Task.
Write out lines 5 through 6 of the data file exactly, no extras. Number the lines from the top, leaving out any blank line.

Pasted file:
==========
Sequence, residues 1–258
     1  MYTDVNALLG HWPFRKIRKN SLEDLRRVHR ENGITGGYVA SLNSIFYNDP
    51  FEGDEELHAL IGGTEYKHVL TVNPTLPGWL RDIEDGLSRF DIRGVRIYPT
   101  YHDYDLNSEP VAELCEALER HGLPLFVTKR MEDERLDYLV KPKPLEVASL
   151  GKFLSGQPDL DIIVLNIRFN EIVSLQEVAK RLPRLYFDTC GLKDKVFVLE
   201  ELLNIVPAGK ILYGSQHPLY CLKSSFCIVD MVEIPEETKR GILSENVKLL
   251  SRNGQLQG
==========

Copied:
   151  GKFLSGQPDL DIIVLNIRFN EIVSLQEVAK RLPRLYFDTC GLKDKVFVLE
   201  ELLNIVPAGK ILYGSQHPLY CLKSSFCIVD MVEIPEETKR GILSENVKLL